NEW YORK (CNNMoney.com) — Ameribank Inc. was shut down on Friday by the Office of the Thrift Supervision, making it the 12th bank this year to go under.

The Northfork, West Virginia bank had total assets of $115 million and total deposits of $102 million, according to a statement on the Federal Deposit Insurance Corporation Web site.

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Bush wants OK to spend $700.000.000.000

Bailout proposal sent to Congress seeks authorization to spend as much as $700 billion to buy troubled mortgage-related assets.

NEW YORK (CNNMoney.com) — President Bush has asked Congress for the authority to spend as much as $700 billion to purchase troubled mortgage assets and contain the financial crisis.

The legislative proposal – the centerpiece of what would be the most sweeping economic intervention by the government since the Great Depression – was sent by the White House overnight to lawmakers.

Read moreBush wants OK to spend $700.000.000.000

Pat Buchanan: The Party’s Over

The Crash of 2008, which is now wiping out trillions of dollars of our people’s wealth, is, like the Crash of 1929, likely to mark the end of one era and the onset of another.

The new era will see a more sober and much diminished America. The “Omnipower” and “Indispensable Nation” we heard about in all the hubris and braggadocio following our Cold War victory is history.

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Greenspan’s sins return to haunt us

Back in 2002, when his reputation as “The Man Who Saved the World” was at its peak, Alan Greenspan, former chairman of the Federal Reserve, came to Britain to pick up his knighthood. His biggest fan, Gordon Brown, now the UK prime minister, had ensured that the citation said it was being awarded for promoting “economic stability”.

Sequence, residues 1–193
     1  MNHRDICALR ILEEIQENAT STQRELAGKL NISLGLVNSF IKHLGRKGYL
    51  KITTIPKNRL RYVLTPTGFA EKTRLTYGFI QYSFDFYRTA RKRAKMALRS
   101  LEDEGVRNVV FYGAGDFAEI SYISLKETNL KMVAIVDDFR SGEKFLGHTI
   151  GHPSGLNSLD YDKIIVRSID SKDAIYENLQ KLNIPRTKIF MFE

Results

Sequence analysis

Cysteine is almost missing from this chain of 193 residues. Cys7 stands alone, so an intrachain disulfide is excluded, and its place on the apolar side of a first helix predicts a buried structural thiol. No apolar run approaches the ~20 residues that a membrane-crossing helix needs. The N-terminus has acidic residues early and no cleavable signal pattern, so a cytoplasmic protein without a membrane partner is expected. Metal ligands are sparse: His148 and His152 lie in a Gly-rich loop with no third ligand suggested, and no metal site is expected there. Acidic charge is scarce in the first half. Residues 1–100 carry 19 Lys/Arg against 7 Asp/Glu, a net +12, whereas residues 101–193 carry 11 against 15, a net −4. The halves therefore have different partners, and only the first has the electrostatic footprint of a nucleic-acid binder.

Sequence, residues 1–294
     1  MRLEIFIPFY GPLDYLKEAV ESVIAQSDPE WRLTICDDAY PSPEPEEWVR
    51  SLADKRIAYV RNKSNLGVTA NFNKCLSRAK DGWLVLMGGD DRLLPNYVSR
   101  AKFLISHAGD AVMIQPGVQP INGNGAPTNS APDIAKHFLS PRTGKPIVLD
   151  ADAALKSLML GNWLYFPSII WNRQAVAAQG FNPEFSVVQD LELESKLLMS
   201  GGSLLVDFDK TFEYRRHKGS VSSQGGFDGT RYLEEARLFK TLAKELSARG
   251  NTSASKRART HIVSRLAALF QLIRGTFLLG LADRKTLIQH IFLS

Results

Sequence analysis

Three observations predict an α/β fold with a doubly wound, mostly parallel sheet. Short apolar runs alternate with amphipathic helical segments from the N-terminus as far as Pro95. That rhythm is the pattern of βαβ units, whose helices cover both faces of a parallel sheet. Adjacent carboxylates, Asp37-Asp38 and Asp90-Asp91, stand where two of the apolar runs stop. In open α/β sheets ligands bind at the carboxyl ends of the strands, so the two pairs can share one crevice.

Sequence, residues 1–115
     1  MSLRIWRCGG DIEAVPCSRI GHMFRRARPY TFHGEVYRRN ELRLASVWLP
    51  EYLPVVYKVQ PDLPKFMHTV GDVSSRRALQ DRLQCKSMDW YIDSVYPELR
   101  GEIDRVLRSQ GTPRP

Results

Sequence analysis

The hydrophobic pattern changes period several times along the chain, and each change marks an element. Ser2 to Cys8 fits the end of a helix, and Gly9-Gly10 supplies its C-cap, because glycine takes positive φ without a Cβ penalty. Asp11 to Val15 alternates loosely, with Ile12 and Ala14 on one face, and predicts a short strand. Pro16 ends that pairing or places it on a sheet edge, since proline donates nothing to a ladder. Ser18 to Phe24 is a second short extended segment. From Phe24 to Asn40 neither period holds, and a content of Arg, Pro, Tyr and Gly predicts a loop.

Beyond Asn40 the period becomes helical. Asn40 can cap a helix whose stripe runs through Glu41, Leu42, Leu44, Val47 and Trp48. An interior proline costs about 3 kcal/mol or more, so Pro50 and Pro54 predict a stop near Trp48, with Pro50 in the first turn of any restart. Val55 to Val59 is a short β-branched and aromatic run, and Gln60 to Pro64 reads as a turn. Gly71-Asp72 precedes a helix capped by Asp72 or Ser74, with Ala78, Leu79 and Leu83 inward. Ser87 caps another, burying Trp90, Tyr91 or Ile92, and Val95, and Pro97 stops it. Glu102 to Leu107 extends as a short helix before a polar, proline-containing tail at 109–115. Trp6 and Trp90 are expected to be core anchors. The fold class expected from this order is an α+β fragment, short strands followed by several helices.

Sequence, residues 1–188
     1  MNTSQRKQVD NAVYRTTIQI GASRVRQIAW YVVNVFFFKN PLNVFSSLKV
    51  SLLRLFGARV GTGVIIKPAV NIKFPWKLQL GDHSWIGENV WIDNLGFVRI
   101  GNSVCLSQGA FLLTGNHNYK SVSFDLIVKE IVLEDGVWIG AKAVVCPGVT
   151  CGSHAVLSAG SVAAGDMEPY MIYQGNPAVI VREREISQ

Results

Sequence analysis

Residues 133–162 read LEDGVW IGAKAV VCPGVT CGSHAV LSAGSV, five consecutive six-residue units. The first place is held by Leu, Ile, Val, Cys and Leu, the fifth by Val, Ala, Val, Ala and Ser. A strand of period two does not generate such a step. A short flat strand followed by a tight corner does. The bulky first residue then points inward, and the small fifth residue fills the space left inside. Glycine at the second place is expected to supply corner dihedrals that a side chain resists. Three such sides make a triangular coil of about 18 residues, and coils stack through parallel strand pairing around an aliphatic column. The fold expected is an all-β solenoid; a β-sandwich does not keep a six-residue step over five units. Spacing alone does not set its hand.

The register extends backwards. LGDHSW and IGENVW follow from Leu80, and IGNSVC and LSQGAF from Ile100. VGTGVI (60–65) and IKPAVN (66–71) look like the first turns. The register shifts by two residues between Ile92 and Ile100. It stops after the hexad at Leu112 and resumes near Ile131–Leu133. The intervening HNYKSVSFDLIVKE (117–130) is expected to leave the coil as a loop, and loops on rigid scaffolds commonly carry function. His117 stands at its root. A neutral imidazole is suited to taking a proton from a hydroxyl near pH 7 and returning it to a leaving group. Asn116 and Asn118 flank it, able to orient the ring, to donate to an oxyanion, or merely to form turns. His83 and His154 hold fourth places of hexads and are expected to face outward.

During his trip, Mr Greenspan visited the Bank of England’s monetary policy committee. He told them the US financial system had been resilient amid the bursting of the internet bubble. Share prices had halved and there had been massive bond defaults, but no big bank collapses. Mr Greenspan lauded the fact that risk had been spread, using complex derivative instruments. One of the MPC members asked: how could this be? Someone must have lost all that money; who was it? A look of quiet satisfaction came across Mr Greenspan’s face as he answered: “European insurance companies.”

Six years later, AIG, the largest US insurance company, has in effect been nationalised to stop it blowing up the financial world. The US has nationalised the core of its mortgage industry and the government has become the arbiter of which financial companies should survive or die.